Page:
This is perhaps the biggest area of dispute both during lease and also when it ends. Sometimes the tenants find themselves landed with a massive repair bill (known as dilapidations) at the end of a relatively short lease for matters which they did not realise were their liability. Generally, if you take on a full repairing lease, at the end of it you will be liable for all repairs that are necessary, even if they were needed when you took on the lease. One way of avoiding this is to limit the repairing obligation to the existing condition of the property so that you do not have to leave it in any better condition at the end of the lease. It is advisable for this to be supported by a photographic schedule of condition as evidence to try to avoid disputes. Where you are taking a lease of part of a larger building it is also important to consider the condition of the whole building where a part of this may be charged back to you under the service charge.
Most leases restrict alterations to the property without the landlords consent. Often to get that consent a formal document known as a license is necessary, which may involve you paying substantial landlord legal fees for preparing it. If you know at the outset what alterations you will need to make to the property it is advisable to negotiate this as part of the initial lease, so that you know for certain that the landlord has agreed, and to avoid additional license costs.
Use of the property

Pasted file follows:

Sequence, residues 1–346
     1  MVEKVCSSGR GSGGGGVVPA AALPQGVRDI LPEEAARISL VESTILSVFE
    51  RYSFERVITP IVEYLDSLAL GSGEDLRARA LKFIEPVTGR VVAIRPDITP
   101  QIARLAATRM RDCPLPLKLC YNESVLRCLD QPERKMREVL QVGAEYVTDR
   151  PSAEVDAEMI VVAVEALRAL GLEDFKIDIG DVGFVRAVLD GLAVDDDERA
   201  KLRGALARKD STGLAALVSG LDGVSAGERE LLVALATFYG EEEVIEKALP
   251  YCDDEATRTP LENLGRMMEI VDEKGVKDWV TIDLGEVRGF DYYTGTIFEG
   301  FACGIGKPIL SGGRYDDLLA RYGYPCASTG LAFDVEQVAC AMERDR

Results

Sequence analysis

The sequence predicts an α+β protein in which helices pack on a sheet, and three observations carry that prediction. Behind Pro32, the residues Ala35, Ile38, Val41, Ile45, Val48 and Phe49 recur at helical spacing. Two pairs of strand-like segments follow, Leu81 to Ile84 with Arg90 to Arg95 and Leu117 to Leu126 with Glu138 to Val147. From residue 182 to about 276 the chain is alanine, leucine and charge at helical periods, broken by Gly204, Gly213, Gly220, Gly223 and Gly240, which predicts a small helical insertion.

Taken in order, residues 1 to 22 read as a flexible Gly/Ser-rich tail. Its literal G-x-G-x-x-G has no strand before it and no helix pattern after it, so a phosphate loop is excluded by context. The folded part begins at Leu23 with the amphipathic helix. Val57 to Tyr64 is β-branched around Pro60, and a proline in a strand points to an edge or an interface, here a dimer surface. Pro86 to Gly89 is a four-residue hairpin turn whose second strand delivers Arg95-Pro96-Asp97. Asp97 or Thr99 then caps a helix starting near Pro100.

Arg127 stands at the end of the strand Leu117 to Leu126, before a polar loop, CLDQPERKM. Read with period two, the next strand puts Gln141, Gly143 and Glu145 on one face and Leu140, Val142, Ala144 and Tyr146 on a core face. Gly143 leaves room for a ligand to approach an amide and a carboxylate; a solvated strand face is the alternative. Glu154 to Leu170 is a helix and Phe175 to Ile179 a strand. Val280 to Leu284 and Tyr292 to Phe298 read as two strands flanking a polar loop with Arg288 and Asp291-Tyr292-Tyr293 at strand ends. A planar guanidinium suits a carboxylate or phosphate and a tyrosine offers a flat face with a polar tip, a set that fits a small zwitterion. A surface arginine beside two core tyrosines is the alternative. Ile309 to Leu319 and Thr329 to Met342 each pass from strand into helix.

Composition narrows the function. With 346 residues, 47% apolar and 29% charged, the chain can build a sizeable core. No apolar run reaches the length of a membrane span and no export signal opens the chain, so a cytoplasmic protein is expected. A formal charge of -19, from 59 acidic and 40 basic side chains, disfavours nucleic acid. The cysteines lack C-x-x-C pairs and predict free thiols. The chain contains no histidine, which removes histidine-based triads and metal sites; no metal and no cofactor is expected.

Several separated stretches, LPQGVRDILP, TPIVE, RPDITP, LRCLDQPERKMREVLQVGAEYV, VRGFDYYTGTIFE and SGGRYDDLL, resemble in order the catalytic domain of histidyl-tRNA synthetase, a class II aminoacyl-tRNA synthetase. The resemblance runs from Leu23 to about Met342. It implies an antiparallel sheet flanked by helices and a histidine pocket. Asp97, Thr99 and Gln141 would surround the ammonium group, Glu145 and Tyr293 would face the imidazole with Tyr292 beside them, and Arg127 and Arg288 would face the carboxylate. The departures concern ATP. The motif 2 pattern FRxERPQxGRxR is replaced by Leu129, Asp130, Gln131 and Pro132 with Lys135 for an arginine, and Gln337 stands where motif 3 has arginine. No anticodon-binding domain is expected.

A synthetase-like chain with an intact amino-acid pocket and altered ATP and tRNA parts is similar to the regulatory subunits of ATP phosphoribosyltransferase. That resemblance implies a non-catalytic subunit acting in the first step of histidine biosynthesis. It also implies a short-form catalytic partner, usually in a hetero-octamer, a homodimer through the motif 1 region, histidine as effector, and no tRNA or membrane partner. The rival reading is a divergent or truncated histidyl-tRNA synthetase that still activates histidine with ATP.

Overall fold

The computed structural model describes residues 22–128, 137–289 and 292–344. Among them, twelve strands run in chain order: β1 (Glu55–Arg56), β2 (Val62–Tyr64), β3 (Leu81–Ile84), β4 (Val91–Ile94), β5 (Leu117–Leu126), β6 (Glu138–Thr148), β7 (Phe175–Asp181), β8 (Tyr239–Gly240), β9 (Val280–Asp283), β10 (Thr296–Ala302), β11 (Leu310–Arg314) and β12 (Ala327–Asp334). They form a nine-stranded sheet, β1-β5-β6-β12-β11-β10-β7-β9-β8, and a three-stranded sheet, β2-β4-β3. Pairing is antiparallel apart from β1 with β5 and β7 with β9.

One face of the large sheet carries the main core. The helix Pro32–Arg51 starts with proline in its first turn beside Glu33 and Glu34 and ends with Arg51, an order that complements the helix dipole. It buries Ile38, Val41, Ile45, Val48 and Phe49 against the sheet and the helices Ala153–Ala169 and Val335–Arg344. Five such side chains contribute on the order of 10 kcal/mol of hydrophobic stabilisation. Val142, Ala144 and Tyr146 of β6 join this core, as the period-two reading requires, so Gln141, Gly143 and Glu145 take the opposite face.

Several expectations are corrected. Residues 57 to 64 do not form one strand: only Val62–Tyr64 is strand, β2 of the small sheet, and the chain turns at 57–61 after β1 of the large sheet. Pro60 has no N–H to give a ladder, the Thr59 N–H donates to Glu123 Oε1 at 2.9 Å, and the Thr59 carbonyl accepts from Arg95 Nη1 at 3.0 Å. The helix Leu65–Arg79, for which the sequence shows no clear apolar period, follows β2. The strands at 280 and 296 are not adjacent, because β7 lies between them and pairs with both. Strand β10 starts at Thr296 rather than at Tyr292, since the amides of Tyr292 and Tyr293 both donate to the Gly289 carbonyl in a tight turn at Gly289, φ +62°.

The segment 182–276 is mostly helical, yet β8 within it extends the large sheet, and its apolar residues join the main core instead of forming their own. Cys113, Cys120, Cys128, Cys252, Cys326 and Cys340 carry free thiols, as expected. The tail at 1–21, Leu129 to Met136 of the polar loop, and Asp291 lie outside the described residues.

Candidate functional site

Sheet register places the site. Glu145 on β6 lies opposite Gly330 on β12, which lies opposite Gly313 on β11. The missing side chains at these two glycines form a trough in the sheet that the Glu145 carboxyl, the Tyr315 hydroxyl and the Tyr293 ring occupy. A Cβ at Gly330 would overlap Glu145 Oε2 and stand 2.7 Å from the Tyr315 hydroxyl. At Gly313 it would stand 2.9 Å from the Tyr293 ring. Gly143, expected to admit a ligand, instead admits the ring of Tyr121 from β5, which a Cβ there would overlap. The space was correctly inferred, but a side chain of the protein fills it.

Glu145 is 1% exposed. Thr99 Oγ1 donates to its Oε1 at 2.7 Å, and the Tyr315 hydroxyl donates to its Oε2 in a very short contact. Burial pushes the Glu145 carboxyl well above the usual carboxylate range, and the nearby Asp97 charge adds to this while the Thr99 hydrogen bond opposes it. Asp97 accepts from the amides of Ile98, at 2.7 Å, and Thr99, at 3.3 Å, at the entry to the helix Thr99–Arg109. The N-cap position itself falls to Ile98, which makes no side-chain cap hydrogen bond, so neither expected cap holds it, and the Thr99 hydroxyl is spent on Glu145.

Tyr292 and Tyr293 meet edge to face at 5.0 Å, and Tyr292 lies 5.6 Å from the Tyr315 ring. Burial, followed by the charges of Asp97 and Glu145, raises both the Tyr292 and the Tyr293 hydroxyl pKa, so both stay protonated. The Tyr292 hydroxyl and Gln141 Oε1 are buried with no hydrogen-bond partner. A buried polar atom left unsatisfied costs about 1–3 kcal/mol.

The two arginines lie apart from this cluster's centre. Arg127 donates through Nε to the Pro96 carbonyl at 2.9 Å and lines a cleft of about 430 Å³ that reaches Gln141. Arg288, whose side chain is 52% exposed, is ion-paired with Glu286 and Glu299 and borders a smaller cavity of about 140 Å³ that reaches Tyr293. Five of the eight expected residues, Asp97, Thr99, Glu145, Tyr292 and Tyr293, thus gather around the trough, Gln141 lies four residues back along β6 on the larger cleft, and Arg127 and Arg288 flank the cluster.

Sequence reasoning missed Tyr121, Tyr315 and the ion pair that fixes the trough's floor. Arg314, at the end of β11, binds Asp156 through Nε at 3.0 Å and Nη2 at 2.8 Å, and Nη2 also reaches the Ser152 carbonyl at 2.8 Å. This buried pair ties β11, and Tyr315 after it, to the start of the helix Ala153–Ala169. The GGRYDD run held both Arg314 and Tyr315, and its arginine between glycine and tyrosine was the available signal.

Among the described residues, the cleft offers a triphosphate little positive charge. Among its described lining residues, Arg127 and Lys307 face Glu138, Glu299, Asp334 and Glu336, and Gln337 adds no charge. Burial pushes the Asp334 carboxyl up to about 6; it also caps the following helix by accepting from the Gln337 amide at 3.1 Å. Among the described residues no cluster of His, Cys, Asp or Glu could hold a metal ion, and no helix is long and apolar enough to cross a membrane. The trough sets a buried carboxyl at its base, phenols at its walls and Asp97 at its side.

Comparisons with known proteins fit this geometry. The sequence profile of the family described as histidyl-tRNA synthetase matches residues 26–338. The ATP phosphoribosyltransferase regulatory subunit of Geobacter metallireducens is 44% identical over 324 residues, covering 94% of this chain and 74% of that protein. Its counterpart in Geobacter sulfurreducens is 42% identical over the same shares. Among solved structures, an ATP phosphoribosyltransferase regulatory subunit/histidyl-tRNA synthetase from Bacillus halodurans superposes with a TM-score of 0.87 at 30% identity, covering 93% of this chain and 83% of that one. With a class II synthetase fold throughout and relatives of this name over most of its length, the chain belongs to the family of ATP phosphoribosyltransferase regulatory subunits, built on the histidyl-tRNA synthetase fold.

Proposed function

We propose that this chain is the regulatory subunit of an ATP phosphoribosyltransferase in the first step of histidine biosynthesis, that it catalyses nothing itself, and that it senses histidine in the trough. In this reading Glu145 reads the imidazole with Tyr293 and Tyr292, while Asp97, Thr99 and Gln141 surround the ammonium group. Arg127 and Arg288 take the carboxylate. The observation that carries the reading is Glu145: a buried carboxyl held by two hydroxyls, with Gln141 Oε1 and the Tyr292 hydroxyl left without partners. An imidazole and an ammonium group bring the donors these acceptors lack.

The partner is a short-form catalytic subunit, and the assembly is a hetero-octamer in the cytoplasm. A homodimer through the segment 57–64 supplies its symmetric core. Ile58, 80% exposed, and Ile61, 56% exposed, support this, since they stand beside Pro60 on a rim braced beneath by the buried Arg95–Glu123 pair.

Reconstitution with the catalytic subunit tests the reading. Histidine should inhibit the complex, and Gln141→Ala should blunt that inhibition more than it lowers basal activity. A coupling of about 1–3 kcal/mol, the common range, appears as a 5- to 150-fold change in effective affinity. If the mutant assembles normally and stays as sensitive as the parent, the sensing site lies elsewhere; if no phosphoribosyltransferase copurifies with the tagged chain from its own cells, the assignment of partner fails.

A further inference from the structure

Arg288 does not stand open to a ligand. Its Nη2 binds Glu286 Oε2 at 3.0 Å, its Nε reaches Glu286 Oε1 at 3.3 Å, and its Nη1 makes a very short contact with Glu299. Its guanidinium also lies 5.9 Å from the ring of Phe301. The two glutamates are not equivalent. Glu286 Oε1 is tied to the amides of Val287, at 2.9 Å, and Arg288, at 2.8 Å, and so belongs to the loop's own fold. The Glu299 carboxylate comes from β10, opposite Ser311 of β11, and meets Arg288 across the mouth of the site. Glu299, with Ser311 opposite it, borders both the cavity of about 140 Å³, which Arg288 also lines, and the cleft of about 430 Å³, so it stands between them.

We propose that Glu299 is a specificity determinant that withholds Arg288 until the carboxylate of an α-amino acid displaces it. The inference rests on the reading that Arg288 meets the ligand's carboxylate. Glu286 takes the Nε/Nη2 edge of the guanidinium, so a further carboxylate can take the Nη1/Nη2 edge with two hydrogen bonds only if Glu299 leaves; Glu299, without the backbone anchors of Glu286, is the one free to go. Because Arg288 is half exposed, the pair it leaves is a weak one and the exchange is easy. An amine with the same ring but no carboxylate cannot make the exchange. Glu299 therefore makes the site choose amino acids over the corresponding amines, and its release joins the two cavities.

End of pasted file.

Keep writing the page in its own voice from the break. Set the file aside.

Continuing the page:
The lease will generally specify what the property can be used for and you need to make sure that this covers exactly what you are proposing for your business. If possible, try to get this agreed for general planning use classes, for example use as a retail shop without specifying the exact nature of the business. You also need to consider the authorised planning use and establish exactly what this is. If a change of use application is going to be required you do not want to commit to the lease until you are sure that this will be granted on satisfactory terms.
You may sometimes be asked to pay the landlords costs in connection with the transaction. Never agree to this if it can be avoided and insist that each party must pay their own costs. Otherwise, if there is an argument about the provisions of the lease before it is completed you will be giving the landlord an open invitation to be unreasonable at your expense. If this can’t be avoided then try to ensure that you limit any payment to a fixed contribution towards those costs.
We are offering remote video meetings, as well as electronic forms. Contact Beacon Wealth Legal for business legal advice.